STAFF


by Jessi Cole Jackson

Profile

Brian Toups lives part time on Earth, part time in the multiverse of fantasy. When not telling stories, he enjoys meeting new characters, both real and imaginary, and counts Aragorn, Kvothe, Pi Patel, and St. Thomas Aquinas among his confidants. He has a background in philosophy and quotes Aristotle frequently, to the dismay of his few devoted friends. His favorite sport is Ultimate Frisbee.

Jessi Cole Jackson: Could you talk a little bit about the inspiration behind “The Unwinnable Fight“? Do you have experience with soldiers coming back from war?

Brian Toups: I’ve often been told: write what you know. Never having been a soldier myself, I focused primarily on the emotions and memories I have in common with the main character, Isaac. I also relied heavily on the experiences of friends and family. My uncle Joe served in WWII with a glider division. It was a hard job because mid 20th century gliders would often lose wings and crash into forests. They were called flying coffins. My uncle Francis served with the marines in the Battle of Iwo Jima. I have also paid close attention to the stories of my peers who are currently in Berlin, Baghdad, and Okinawa.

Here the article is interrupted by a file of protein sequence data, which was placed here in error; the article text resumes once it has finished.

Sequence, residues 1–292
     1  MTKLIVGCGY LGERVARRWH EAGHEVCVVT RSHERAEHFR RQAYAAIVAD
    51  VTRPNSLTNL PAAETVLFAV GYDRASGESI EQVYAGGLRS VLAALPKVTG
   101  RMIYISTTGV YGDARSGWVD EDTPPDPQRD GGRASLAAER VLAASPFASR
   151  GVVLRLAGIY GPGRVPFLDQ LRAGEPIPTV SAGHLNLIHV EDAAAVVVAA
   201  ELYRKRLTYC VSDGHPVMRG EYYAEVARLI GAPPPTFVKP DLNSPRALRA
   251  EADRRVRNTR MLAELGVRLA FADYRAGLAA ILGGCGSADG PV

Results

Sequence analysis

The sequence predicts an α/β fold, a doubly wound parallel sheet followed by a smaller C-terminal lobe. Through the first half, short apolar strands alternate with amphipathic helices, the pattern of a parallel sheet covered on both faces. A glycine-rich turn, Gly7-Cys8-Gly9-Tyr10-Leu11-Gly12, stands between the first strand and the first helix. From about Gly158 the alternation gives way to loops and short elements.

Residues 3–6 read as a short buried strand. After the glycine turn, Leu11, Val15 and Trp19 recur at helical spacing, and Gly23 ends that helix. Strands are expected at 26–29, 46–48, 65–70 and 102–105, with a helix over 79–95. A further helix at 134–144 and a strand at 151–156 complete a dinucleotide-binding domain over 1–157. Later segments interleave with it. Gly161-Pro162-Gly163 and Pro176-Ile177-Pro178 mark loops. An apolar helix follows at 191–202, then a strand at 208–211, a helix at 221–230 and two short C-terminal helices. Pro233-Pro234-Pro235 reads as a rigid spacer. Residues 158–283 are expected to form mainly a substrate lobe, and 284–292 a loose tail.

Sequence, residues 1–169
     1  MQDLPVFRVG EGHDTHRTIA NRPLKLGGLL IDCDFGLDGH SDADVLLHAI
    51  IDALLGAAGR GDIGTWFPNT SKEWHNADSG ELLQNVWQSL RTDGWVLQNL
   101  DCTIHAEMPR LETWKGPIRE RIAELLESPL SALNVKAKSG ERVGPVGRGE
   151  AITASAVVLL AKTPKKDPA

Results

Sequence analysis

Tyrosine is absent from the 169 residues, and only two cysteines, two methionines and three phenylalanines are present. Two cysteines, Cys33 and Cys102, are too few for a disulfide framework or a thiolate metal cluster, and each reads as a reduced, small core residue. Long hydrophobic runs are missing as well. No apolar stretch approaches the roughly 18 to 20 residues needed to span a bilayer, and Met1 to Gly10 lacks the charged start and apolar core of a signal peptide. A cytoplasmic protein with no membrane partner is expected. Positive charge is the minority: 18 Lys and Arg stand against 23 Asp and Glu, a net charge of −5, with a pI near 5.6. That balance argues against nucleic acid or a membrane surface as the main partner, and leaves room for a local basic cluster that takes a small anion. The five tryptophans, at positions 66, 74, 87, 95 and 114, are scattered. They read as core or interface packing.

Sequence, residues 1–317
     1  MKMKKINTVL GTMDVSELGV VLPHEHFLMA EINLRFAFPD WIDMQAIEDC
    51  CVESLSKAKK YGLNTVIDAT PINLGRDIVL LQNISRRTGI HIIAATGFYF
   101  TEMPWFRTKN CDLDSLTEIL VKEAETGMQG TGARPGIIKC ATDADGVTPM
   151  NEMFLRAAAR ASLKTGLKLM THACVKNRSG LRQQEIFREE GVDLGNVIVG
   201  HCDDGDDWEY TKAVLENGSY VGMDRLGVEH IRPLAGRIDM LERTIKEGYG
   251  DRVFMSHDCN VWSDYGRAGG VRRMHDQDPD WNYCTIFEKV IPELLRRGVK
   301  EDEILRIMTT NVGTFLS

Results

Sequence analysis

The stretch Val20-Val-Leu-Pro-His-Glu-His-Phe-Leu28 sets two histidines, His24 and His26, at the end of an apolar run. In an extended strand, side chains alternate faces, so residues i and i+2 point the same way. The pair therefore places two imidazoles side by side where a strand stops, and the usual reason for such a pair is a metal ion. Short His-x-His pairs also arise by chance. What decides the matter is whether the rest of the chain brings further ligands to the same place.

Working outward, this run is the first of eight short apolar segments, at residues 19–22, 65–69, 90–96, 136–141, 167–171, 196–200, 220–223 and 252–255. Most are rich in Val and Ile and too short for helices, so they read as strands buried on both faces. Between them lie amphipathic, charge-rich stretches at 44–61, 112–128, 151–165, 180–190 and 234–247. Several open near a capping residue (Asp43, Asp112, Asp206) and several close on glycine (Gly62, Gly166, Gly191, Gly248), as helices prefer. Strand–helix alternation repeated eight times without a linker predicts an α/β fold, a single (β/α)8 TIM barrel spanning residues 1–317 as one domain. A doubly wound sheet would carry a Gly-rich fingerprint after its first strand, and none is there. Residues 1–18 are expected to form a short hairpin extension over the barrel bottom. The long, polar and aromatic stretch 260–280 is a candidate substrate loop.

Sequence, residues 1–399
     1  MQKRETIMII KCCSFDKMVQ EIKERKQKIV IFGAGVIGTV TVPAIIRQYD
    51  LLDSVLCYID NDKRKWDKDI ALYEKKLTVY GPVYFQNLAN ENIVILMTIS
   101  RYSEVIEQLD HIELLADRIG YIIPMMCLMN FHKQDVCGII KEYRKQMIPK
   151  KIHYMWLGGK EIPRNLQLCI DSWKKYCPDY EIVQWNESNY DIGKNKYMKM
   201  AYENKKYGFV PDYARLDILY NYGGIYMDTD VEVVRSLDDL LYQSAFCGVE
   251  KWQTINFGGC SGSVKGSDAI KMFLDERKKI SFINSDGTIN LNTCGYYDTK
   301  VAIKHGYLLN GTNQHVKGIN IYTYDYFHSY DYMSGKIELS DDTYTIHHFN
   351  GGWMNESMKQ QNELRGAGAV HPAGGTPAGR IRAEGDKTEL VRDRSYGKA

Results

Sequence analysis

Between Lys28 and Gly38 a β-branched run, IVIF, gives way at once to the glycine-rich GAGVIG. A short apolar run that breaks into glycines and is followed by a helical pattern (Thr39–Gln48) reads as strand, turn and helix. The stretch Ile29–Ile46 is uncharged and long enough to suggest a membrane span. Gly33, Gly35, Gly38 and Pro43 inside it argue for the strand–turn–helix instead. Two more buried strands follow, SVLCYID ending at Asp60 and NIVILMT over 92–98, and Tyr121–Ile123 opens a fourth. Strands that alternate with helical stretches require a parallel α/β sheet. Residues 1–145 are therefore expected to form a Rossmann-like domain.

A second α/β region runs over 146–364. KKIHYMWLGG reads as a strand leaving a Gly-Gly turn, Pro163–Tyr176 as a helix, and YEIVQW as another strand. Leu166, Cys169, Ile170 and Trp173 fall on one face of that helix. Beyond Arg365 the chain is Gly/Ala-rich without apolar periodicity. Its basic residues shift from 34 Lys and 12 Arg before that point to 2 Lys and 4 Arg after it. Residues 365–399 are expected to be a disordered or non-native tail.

The bit in “The Unwinnable Fight” about Isaac painting C-130s with a tiny paintbrush is real. I’m told, when a marine’s paint sprayer breaks, he or she just keeps on painting.

JCJ: You mentioned in an email you’re primarily a speculative fiction author, what drew you to Isaac and this literary story in particular?

BT: It’s true, most of the stories I write are speculative fiction, and I feel at home in that genre. I knew it would be difficult to write a literary story, but I never realized how much it would stretch my imagination. Every time I wanted to introduce immortal gods or a few good-natured dragons into the plot, I had to resist.